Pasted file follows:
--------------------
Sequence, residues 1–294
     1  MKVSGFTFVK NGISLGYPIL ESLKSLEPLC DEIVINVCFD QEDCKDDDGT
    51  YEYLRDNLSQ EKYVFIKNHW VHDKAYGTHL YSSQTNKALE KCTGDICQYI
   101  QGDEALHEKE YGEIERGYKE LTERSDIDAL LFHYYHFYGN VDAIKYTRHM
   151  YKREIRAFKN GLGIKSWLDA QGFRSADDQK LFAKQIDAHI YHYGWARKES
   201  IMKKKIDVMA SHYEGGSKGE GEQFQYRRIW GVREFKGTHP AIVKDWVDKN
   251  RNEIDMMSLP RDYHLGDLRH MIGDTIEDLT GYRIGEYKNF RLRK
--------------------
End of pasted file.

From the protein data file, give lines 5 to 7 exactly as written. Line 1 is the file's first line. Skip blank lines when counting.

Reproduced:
   151  YKREIRAFKN GLGIKSWLDA QGFRSADDQK LFAKQIDAHI YHYGWARKES
   201  IMKKKIDVMA SHYEGGSKGE GEQFQYRRIW GVREFKGTHP AIVKDWVDKN
   251  RNEIDMMSLP RDYHLGDLRH MIGDTIEDLT GYRIGEYKNF RLRK